Tuesday, June 17, 2014

Sir Francis Drake's discovery of Nova Albion

New Albion. English galleon "Golden Hinde" by Sir Francis Drake. Oil on canvas
by Simon Kozhin
On June 17, 1579, English explorer Sir Francis Drake raised a claim for a new land that he thought he had discovered during his circumnavigation of the world and named it "Nova Albion". But he was not the first. Already in 1542, Spanish conquistador Juan Rodríguez Cabrillo had landed there and raised a claim for the Spanish crown. He founded a place he called San Miguel, later renamed to San Diego. But, it should take a while until the land on the Pacific coast should become more interesting for the European colonists under the name "Alta California", today's state of California.

In his early years, Francis Drake was apprenticed to his family's neighbor, who was the master of a barque used for coastal trade transporting merchandise to France. He became incredibly satisfied with the young man's work and bequeathed the barque to Drake at his death. Drake began his very first journeys to the Americas, when he was only 23 years old and he was trapped by the Spaniards in the Mexican port of San Juan de Ulúa, but managed to escape. Further journeys to the West Indies may have followed in the early 1570s, but only little is known about them.

In 1577, Francis Drake was appointed to start an expedition against the Spanish along the Pacific coast of the Americas. He departed in Plymouth in November, facing bad weathers soon. Drake and his crew were forced to take refuge in Falmouth, Cornwall, from where they returned to Plymouth for repair. The crew left again in December with over 160 men and additional ships. However, they faced new hardships during their crossing of the Atlantic Ocean and lost several men already. He made landfall at the gloomy bay of San Julian at today's Argentina. There, they had to burn their ship Mary and decided to remain the winter before attempting the Strait of Magellan. The only three remaining ships then sailed towards the southern tip of South America and the crew made it to the Pacific where one ship was destroyed in storms, which caused another return to England, leaving the Pelican which continued its journey to the south. His lone flagship was renamed to Golden Hind in honor of Sir Christopher Hatton. They sailed north along the Pacific coast of South America, attacking Spanish ports and pillaging towns. Some Spanish ships were captured, and Drake used their more accurate charts. Near Lima, Drake captured a Spanish ship with a great amount of gold on board and he chased down another ship that proved to be his most profitable capture.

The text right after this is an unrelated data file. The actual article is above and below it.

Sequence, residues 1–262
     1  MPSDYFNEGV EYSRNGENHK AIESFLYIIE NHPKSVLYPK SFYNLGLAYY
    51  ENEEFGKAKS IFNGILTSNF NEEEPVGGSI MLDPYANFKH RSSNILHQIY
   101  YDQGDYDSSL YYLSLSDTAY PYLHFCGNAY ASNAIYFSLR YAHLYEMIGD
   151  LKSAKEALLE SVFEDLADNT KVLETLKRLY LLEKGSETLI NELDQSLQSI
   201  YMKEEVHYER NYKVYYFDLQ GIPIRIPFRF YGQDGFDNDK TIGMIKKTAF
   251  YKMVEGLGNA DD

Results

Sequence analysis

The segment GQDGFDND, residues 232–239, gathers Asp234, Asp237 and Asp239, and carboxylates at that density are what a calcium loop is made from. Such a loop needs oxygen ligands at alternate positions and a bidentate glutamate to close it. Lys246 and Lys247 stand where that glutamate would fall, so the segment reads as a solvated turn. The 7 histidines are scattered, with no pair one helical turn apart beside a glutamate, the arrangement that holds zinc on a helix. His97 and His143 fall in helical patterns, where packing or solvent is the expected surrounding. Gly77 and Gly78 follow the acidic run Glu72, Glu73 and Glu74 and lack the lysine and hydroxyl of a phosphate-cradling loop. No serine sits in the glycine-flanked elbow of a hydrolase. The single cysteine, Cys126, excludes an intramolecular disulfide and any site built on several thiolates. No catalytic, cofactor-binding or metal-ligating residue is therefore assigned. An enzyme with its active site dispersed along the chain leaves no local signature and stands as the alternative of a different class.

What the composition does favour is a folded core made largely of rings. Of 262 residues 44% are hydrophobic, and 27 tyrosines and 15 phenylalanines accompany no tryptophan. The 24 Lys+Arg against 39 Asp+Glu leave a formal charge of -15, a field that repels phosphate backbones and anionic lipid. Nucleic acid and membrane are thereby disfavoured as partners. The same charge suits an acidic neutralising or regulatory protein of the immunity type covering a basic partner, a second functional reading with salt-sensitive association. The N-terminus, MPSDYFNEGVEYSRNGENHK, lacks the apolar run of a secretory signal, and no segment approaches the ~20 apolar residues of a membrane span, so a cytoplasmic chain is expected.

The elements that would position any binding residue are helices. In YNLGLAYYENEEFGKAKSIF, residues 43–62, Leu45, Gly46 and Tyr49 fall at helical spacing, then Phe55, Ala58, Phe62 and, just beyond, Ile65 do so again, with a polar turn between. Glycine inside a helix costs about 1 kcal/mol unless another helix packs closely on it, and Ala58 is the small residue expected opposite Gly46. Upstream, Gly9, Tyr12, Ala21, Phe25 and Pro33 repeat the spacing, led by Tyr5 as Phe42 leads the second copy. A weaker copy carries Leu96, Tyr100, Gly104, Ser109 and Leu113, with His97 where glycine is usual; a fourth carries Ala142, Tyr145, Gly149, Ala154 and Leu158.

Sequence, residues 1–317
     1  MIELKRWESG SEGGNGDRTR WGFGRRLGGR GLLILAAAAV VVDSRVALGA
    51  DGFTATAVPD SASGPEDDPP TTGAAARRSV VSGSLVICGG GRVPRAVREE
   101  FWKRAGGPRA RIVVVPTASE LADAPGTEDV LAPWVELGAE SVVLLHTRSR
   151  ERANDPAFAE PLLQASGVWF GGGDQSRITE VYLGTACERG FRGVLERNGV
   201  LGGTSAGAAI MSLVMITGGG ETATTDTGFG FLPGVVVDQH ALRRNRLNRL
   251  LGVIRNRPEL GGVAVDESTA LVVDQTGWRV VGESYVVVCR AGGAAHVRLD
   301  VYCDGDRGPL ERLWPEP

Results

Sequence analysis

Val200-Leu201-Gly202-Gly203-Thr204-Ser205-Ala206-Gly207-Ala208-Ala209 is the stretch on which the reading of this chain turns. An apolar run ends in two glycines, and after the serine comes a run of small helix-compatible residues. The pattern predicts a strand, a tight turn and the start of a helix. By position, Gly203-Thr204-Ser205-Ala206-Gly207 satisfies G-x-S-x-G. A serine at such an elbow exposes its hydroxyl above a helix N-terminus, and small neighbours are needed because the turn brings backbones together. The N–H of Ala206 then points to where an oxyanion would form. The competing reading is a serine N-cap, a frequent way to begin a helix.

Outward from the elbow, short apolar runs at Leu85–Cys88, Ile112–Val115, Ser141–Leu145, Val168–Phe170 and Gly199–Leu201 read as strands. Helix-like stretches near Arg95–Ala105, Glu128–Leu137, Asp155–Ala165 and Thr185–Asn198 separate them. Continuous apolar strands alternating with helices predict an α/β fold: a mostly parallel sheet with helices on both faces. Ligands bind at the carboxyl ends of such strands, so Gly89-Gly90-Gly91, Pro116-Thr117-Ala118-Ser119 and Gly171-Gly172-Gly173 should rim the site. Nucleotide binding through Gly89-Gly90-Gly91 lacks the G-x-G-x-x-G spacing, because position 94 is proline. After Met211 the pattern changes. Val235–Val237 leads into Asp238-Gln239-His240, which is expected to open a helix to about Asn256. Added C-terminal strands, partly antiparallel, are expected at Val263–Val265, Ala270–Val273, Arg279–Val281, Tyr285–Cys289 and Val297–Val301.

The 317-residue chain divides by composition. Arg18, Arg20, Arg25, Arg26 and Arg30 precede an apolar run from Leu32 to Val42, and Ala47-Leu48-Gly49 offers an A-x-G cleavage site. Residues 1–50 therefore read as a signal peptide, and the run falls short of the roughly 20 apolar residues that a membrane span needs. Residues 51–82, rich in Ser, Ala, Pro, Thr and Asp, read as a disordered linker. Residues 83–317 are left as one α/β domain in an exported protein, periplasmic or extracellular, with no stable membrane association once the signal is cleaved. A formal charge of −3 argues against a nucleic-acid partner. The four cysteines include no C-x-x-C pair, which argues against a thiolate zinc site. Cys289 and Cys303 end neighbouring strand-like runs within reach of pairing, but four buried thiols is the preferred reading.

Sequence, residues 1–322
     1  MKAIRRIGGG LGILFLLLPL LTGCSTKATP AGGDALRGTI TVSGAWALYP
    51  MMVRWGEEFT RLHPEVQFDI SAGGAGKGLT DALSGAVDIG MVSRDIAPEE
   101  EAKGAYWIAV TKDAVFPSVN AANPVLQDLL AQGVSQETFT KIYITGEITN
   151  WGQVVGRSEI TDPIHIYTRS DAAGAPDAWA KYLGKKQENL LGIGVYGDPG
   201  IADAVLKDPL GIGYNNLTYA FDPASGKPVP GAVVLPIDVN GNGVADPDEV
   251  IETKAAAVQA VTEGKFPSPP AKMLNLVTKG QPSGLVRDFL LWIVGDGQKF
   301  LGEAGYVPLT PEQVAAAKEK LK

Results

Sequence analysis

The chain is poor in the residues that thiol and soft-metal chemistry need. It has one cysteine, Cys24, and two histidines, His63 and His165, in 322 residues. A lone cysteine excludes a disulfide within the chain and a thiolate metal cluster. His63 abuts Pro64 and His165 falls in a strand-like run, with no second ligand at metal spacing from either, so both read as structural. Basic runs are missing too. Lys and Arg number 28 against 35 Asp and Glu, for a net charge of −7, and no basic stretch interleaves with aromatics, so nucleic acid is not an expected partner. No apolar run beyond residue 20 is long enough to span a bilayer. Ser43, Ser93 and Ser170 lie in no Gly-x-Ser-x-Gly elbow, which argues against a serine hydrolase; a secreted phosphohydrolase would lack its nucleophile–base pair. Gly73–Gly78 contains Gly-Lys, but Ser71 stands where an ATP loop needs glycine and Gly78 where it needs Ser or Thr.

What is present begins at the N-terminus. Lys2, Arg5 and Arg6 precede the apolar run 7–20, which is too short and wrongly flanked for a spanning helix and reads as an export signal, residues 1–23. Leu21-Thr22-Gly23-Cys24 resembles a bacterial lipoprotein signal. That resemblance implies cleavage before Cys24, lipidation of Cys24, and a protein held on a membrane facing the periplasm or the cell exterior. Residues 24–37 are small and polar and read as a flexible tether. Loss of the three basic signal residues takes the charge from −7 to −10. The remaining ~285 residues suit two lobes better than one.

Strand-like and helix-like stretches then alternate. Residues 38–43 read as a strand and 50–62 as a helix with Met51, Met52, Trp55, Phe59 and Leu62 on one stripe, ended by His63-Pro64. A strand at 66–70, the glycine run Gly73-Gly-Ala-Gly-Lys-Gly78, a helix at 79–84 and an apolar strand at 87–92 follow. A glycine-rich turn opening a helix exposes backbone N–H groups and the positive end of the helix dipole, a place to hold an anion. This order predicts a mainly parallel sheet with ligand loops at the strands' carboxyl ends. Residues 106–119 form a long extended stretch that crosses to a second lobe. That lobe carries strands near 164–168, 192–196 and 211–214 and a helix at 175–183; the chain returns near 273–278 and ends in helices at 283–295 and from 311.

After these 'achievements', Drake turned north in order to find and raid another ship, but instead, he landed on the coast of California on 17 June, 1579. There, he landed, repaired and restocked his vessels, then stayed for a time, keeping friendly relations with the Coast Miwok natives. He claimed the land in the name of the Holy Trinity for the English Crown, called Nova Albion. It is also assumed that he left several men there in order to found a small colony. However, in the 1540, the wester coast of North America had been partially explored by Juan Rodriguez Cabrillo, who sailed for the Spanish, but as England was in conflict with Spain, Drake decided to claim the region. Spain had claimed the entire Pacific coast of the Americas since the Inter caetera papal bull of 1493, reinforced in 1513 when Vasco Núñez de Balboa formally claimed all lands adjoining the Pacific Ocean for the Spanish Crown. However, England did not recognize the authority of the Inter caetera and Balboa's claim covered a vast and mostly unknown area.

However, Francis Drake was knighted after his return in 1581. But, in order to keep an uneasy peace with Spain, and to avoid having Spain threaten England's other claims in the New World, Drake's logs, charts, and other writings were confiscated. The discovery and claim of New Albion was then considered a state secret.

At yovisto, you may be interested in a video lecture on the Age of Discovery



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